November 27, 2012
The attack on Wired senior writer Matt Honan’s virtual world, pointed out there are certainly holes in the system. These security issues not only affect businesses but individuals as well. Unfortunately, after a recent poll, 39 percent of the businesses surveyed responded their move to the cloud has had a negative affect on their business.
Where are the Holes in the Cloud?
The skeptics of the cloud were given even more reason to worry after Matt Honan’s story came out. Using social sites and other clever maneuvering, a hacker managed to wreak havoc on a number of the “Wired” journalist’s accounts. After talking to an Amazon technical support representative, the hacker managed to get the last four digits of the journalist’s social security number. After accomplishing this feat, he then went onto use this information to fool an Apple representative into thinking he was Honan. He was then given a replacement password to get temporary custody over Honan’s e-mail account. Once the hacker had this information, he deleted Honan’s Gmail account and then permanently reset his Twitter and his Apple IDs. He then went onto wipe out his iPhone, MacBook and iPad – all from a remote distance.
The good thing that came from all this is that Amazon and Apple have found and closed the holes in their security that allowed the hacker to get to this information. But it still leaves skeptics wondering just how secure the cloud is.
Who is Getting into the Cloud?
Out of 4,000 businesses that were polled, 80 percent said they were planning to entrust their confidential and sensitive information to the cloud. About half of these businesses and IT managers have already begun to make the move. Most of the others will be doing so over the next two years. The United States government is one of those making the move. This is expected to cut costs and make the system more responsive. The Federal CIO, Vivek Kundra, is aiming to save the government money by moving $20 billion of the $80 billion the federal government budgets for IT expenditures to the cloud.
You Always Need to Take Responsibility for Your Own Data
With 39 percent of businesses expressing the move to the cloud has had a direct, negative affect on their businesses’ security, it seems obvious there is a crack in the system somewhere. One of the problems may be that around two-thirds of the organizations that move sensitive data to the cloud are under the impression their service providers are responsible for the protection of their data. Also, a good portion of the organizations moving to the cloud have no idea what precautions have been put in place to actually protect their data.
It is estimated only about half of the organizations that move to the cloud put some type of encryption on their information before they move it. The rest just relies on the encryption security the cloud has to offer. What needs to be understood is that no matter where your information is stored, it is still your information. Whether it is on your servers or on the cloud, you still need to be responsible for ensuring its security.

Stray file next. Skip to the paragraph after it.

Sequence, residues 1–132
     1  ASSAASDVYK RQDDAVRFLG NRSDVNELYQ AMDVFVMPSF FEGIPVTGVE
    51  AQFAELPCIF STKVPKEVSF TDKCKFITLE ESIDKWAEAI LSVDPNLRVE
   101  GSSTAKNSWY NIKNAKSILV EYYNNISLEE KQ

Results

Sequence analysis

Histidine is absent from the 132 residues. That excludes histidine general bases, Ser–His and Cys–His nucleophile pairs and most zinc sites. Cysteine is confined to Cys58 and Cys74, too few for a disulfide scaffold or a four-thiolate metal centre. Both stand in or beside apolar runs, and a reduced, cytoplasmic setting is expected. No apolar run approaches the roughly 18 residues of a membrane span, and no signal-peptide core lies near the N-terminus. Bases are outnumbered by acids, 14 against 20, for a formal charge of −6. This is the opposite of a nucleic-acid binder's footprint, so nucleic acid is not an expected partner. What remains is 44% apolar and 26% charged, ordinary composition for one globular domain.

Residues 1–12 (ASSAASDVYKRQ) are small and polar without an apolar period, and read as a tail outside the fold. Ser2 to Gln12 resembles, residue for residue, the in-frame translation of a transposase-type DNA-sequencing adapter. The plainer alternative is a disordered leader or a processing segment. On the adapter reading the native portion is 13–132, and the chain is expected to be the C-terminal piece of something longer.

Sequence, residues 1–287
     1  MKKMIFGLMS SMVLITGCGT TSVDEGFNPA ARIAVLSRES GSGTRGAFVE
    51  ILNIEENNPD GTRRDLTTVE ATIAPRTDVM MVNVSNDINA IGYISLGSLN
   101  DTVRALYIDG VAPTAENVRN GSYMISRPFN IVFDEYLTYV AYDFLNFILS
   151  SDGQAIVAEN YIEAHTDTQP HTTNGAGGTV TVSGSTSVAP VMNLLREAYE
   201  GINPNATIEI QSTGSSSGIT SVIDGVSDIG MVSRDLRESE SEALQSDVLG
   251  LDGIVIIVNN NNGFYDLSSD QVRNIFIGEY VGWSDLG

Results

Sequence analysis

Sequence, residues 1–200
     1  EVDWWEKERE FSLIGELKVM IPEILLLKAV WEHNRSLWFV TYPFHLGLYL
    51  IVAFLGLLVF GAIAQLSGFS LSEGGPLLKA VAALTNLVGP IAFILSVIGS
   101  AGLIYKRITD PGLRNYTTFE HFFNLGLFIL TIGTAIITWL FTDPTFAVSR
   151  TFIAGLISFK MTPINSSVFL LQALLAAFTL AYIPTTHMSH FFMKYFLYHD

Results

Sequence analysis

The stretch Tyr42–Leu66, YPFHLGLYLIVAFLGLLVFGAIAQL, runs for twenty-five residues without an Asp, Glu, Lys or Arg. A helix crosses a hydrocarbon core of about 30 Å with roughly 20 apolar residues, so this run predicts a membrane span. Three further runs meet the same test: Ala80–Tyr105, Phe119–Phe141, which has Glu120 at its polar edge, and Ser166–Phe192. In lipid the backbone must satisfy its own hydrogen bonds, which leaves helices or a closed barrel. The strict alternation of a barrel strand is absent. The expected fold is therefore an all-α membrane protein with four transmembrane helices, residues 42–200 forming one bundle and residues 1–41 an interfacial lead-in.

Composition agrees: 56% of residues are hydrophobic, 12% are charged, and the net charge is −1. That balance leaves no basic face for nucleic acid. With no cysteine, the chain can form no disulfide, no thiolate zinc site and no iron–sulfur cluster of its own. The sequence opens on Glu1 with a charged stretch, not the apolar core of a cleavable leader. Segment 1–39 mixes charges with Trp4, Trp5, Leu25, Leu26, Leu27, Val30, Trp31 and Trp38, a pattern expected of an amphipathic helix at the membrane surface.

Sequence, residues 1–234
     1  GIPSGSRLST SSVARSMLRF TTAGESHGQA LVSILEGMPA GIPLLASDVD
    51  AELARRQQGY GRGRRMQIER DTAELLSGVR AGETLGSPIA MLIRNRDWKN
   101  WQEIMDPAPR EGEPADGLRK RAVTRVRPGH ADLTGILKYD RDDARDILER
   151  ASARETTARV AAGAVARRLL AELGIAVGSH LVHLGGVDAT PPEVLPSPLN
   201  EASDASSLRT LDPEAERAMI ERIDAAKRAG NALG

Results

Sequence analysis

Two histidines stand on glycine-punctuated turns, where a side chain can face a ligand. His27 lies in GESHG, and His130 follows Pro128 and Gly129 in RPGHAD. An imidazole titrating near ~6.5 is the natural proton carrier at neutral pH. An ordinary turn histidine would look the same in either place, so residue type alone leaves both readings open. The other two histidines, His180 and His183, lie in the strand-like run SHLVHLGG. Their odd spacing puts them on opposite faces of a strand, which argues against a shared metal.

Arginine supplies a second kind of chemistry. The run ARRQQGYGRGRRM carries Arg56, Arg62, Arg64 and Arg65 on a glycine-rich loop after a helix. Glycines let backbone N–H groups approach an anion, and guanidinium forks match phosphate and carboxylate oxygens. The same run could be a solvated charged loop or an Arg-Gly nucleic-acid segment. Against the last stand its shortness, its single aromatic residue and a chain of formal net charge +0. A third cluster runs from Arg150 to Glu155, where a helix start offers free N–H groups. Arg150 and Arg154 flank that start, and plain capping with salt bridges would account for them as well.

When moving to the cloud, you need to take a look at default passwords, misconfigured systems, shared accounts plus the other problems that have constantly plagued IT. You cannot assume your service provider secures your data. You have to take responsibility for securing the information yourself.
Containing the Backlash
It is already a concern that, as the federal government moves more of its information to the cloud, there may be more of social engineering attacks. The bigger your company is, the greater the probability you will fall victim to an attack. On the positive side, larger organizations have more opportunities to be prepared for these attacks and take better precautions by having safeguards in place. This will make an attack more difficult, even though two of the largest organizations, Apple and Amazon, were vulnerable enough to let a hacker get to Honan’s private information.
With the U.S. government’s move to the cloud, there is certainly a need to tighten security. Cybersecurity among U.S. federal government agencies has, unfortunately, been found to be under-secured and not up to par. The Government Accountability Office, along with other internal inspectors, has audited the security and found some vulnerabilities in the system.
There is No Such Thing as Absolute Safety
There are companies that offer data security in the cloud, but the cloud and its security are still in their infancy and you cannot really be sure of exactly what is going to work. There is still quite a ways to go before you can adopt methodologies and technology that are absolutes in the cloud security arena.
Charles Dearing is a cloud-hosting specialist. He enjoys writing on web hosting websites and blogs about his experiences with using the cloud.